“What are you doing?”
“Why fix ropes on a free climb?”
“And a 10 for that matter (as if were an easy feat for me)?”
“May we climb?”
“Can we pass through?”

Every question seemed avoided… give me the truth I insisted, as another strew of inquiries came blurting out of my mouth. All the while, totally unconscious to the fact that no one was belaying the climber. I pondered, squinting up the wall. Must be rope soloing. “My chalkbag!” As I reached to the back of my harness out of habit. I left it in the car. How could I do my most notable, personal achievement to date with sweaty hands? A grand opportunity to excuse my ‘hot head’ and allow ‘Cool-hand Luke’ [aka Justin] to make sense of the situation. Luckily, my chalkbag had fallen off not far down the trail; and upon returning, grasped little progress for our cause had been made. On the plus side, no physical altercation had occured due to my absence. At this point, only the cameraman remained on the ground, while the other jumared the first pitch’s fixed lines. I had had enough!

“How long is this going to take?”
“Can we please pass?”
He glared at me. This is it. He’s going to crack.
“Listen man, I don’t care what you do, I don’t even climb. I’m just here to film Alex.”
“Ehermmmm mmm… [cough] Who???”
“You know, Alex Honnold!? We’re doing a ‘spoof’ film on how dramatic climbing videos are played out to be. He’s going to down solo (no rope, no harness, etc.) the whole route, hesitating at times.”

I know I was drooling on myself by this point… the Honnold… how dare I disrespect his crew and such a legend. As if life filled my body again and I regained consciousness, I gazed up towards the third pitch and realized he had never been rope soloing, just free soloing! Geez! Embarassment and inspiration hit me like a ton of bricks.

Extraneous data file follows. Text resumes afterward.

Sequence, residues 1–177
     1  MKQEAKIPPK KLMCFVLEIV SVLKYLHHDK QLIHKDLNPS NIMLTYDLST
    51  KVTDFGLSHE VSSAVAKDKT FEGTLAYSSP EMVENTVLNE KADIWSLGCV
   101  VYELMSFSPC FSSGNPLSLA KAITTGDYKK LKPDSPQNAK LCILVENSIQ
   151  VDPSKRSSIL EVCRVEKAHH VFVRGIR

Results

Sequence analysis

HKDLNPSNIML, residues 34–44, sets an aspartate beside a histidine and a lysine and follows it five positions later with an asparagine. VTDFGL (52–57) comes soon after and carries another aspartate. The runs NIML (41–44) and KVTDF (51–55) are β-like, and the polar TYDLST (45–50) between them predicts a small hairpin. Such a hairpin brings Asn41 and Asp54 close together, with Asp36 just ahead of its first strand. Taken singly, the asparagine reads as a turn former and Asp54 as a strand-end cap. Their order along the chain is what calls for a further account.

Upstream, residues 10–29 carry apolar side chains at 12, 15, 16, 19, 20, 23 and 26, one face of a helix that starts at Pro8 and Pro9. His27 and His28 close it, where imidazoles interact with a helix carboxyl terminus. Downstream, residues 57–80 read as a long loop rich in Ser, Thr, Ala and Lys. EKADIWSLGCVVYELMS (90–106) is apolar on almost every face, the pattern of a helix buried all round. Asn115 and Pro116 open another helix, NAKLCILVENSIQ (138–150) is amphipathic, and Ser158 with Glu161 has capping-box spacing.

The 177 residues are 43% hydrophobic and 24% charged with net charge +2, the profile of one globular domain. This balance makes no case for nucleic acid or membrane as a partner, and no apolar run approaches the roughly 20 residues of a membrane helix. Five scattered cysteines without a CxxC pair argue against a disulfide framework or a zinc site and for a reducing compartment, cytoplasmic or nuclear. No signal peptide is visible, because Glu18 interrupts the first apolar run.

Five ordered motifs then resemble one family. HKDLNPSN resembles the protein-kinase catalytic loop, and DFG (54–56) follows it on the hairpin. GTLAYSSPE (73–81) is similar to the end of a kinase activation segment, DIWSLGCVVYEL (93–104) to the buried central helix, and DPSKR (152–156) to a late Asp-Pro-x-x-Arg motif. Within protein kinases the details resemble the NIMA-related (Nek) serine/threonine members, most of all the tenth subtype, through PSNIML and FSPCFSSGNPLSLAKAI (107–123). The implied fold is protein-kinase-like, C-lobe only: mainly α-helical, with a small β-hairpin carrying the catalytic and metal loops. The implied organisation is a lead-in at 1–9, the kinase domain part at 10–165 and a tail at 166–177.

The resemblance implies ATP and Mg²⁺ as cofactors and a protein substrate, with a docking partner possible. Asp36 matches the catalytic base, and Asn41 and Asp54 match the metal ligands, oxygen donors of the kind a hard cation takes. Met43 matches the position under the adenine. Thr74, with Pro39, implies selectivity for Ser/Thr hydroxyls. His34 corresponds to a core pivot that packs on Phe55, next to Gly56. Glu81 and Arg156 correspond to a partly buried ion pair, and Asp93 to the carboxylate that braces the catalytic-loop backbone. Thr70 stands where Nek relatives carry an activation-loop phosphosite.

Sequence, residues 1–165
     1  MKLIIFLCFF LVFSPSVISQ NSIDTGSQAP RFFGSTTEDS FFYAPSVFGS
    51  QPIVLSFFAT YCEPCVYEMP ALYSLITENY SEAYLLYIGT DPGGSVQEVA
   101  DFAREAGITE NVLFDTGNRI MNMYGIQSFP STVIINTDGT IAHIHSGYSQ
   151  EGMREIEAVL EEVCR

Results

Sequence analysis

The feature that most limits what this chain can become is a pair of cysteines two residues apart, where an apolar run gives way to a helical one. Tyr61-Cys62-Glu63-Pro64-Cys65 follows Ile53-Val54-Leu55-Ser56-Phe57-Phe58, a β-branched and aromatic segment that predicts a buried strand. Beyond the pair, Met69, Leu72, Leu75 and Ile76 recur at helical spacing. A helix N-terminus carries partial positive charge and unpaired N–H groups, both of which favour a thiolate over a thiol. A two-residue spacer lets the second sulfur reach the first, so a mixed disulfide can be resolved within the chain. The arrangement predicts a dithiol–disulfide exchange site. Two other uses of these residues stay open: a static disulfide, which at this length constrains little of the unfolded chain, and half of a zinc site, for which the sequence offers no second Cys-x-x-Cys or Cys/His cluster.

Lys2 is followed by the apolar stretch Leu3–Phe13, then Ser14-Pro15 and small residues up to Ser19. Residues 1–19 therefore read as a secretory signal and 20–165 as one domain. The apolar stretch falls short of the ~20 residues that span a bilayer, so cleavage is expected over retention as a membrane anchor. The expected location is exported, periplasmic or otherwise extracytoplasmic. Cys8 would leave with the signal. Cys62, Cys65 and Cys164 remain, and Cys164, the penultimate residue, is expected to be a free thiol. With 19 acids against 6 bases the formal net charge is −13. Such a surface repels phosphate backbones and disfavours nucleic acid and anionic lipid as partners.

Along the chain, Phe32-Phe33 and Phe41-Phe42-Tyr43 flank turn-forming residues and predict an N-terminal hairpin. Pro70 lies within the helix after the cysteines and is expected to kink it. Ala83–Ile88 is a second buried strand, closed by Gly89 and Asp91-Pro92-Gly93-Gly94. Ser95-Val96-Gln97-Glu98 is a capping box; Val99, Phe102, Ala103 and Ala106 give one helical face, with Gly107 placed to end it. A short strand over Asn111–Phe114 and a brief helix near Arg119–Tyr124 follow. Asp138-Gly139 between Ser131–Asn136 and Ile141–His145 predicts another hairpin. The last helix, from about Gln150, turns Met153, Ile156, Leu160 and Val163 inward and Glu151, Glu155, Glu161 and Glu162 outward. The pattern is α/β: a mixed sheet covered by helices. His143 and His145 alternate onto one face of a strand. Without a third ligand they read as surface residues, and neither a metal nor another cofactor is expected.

“You know, on second thought, I bet they wouldn’t mind if you climbed through, you’ll just need to be fast and try to finish before they’re set up, ready to film.”

My bluff was officially called. First day in the Valley and impede Mr. Honnold, not a chance! Especially gunning for an onsight attempt. Yeah right, I mean who am I kidding, even if I was going for my 37th lap up Serenity-Son’s linkup, the sheer idea of Honnold sitting, waiting, critiquing – haunts my very core. So after a turn-around of emotions and events, we took a moment for Q and A with the cameraman and scampered back down the approach. Our only accomplishment being a fond memory and story to share with others. Heads held high though, instead of tails tucked between our legs, we salvaged the afternoon with a quick ascent of the Middle Cathedral via East Buttress.

“It is better to keep your mouth closed and let people think you are a fool than to open it and remove all doubt.” – Mark Twain

Desires and aspirations would not let us flee. The following day we marched back up to Serenity-Son’s. Alas, the climb was to ourselves. With ‘continual style’, we managed to put an onsight attempt in the bag. But not without a few laughs of a borderline embarassing situation and stardome in the face of a master, demi-God and goofball alike.

BIG thanks to Alex Honnold, James Lucas, Ron Kauk, Chenye Lempe, Tom Evans, Jim Beyer and Eric Sloan for being those familar faces in the Valley we brushed shoulders with, granting us mere mortals something to strive for and live up to.

Joseph Hobby 2/8/15

Brave Explorations. Soulful Discoveries.

1st pitch of Serenity crack

Photo cred: Justin Castleberry